Another big bonus is having someone taking part in your diet with you if possible. My husband was the number one supporter of my dietary efforts. I couldn't have done it so quickly and successfully without him. It's much tougher to be the only one at a restaurant or family function having the healthy (a.k.a. weird) food.

Good luck! I hope you find this information helpful!

 
Old 03-24-2006, 06:20 PM   #5
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Re: Does anyone go to a nurtrionist? ? about proper nutrition for lupus sufferers

Moolata what a wonderful first post! I found it very helpful and thought provoking about the terrible way I allow myself to eat sometimes. You are so right it is all about commitment.

Welcome to the board and thank you for the info.

Glojer

 
Old 03-25-2006, 01:00 PM   #6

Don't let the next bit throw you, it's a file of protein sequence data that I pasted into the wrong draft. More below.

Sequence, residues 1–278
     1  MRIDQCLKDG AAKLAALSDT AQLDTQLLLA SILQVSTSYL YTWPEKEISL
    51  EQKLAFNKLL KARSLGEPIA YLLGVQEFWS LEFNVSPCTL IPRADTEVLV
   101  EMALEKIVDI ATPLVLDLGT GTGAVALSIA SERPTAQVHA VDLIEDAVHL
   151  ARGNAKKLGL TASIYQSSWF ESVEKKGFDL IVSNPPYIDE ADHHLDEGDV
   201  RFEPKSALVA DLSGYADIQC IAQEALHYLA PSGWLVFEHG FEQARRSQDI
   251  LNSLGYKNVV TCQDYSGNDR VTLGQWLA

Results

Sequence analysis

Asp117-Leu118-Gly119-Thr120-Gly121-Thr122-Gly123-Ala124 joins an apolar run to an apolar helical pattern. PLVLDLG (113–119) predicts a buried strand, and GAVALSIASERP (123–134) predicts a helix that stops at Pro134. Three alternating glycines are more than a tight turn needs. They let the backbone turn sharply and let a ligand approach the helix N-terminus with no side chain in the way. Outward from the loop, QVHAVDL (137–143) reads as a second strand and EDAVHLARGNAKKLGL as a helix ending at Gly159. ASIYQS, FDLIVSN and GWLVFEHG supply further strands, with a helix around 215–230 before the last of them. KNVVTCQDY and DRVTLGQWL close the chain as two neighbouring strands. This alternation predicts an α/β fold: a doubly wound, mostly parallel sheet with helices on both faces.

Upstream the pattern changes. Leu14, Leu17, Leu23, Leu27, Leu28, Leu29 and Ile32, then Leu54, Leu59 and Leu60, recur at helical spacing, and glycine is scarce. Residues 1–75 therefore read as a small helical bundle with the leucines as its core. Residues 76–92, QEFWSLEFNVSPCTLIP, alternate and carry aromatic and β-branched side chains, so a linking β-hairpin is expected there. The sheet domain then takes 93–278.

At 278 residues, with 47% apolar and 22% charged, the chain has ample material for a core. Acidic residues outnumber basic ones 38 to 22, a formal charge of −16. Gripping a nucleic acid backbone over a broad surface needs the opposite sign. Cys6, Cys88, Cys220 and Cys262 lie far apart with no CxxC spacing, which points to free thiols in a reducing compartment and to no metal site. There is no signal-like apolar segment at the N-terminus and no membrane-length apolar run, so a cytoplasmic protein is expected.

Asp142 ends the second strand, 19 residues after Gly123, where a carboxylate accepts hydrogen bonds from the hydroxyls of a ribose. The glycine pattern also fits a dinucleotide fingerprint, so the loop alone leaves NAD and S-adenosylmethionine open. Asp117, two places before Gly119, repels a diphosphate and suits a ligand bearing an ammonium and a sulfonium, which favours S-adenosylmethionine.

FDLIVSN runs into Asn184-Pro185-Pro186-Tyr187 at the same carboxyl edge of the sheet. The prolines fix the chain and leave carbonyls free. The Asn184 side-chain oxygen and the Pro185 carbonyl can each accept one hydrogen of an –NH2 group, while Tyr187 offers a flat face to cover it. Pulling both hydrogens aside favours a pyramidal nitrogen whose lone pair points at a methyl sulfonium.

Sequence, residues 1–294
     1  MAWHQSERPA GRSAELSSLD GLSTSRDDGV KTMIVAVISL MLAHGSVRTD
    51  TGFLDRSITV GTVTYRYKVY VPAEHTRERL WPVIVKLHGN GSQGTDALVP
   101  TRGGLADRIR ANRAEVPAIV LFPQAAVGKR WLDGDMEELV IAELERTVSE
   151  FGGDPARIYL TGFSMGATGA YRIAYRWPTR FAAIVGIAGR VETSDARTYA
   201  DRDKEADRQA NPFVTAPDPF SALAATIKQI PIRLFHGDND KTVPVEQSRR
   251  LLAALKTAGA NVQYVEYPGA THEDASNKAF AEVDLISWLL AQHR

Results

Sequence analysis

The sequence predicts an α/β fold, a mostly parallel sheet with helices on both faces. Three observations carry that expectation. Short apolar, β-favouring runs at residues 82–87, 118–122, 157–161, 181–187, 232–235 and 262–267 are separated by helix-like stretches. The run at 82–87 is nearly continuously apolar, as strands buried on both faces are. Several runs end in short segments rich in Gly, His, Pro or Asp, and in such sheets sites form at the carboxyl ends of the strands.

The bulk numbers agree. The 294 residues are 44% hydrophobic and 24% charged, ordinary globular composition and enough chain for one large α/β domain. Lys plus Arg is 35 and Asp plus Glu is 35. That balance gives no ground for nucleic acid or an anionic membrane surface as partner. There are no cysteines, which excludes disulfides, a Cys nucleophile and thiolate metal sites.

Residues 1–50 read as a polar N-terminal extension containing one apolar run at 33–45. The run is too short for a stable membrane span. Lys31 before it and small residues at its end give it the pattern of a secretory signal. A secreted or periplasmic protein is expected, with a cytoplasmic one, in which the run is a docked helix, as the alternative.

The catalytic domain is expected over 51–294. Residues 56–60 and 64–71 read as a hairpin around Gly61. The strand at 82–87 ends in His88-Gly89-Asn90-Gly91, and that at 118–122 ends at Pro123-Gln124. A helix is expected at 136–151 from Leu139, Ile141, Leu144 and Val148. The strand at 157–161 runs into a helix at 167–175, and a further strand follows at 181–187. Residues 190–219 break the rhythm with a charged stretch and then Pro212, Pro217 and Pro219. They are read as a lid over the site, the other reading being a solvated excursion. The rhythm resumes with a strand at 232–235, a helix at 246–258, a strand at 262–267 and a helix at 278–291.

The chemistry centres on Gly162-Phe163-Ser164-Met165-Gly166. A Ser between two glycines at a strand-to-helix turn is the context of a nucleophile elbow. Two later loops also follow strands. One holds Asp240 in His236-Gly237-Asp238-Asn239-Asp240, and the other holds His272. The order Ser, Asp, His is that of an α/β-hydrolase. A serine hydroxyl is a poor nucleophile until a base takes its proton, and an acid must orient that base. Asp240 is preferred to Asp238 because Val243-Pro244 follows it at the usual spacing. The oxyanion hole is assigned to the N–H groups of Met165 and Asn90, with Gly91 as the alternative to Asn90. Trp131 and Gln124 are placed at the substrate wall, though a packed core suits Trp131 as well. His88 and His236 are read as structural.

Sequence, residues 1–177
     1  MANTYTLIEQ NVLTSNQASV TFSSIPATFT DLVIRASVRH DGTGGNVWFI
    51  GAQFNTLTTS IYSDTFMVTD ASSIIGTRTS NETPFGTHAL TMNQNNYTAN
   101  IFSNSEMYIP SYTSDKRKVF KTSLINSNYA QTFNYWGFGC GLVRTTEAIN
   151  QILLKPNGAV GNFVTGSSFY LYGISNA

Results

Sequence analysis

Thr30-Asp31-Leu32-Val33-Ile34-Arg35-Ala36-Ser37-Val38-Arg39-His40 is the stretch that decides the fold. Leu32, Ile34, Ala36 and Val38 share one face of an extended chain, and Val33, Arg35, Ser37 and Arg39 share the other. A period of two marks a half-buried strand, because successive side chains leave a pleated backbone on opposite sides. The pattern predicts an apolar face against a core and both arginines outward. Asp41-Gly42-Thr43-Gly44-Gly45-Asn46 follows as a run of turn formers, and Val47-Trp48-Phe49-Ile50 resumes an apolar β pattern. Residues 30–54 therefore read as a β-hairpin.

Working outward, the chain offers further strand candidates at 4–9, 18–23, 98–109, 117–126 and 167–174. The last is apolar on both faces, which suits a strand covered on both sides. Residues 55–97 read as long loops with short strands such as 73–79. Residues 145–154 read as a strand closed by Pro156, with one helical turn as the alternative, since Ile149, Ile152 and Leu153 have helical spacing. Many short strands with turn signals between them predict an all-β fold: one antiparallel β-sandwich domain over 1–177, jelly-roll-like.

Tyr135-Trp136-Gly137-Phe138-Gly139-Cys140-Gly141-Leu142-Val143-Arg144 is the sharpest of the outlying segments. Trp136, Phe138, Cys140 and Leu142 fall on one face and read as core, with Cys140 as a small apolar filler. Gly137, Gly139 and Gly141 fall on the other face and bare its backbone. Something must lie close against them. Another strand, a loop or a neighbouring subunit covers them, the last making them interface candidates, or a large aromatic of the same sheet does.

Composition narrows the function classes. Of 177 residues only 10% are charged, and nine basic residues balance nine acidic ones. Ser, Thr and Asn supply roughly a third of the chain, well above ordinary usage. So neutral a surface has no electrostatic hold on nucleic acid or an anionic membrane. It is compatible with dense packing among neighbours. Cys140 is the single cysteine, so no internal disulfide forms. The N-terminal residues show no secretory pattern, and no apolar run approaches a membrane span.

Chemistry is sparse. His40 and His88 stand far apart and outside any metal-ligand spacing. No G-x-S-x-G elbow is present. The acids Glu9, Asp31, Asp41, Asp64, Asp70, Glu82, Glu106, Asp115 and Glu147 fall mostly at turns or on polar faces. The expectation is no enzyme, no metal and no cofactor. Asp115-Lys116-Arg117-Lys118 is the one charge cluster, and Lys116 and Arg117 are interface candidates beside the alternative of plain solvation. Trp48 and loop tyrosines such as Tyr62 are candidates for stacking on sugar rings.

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Re: Does anyone go to a nurtrionist? ? about proper nutrition for lupus sufferers

Thanks for your insight everybody and thank you moolata for the information. I just picked up a book by Dr. Mark Hyman, co-author of "Ultraprevention" and author of "Ultrametabolism". I am going to go about things slowly to see what I can tolerate and what I can't. Giving up the white stuff isn't so hard. It's the wheat/gluten(should it be that that aggravates my symptoms), dairy, certain veggies, and my morning cup of coffee that will be tough! I want to check and see if my insurance will cover visits to a holistic health counselor. It's going to present its challenges but if helps stall things or prevents them all together!.......

 
Old 03-25-2006, 06:20 PM   #7
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Re: Does anyone go to a nurtrionist? ? about proper nutrition for lupus sufferers

Southjerseymom - it is worth checking out. My daughter and I spent the day together today and she is so committed to her diet now because she really does feel so much better. In fact, she's had a little cold for few days and she was commenting that in the past a cold would have put her out of commission for weeks, and this time it's just a minor annoyance. The idea behind it is that you should'nt eat foods which your body has to work hard to digest. Anyway - good luck! I hope things work out for you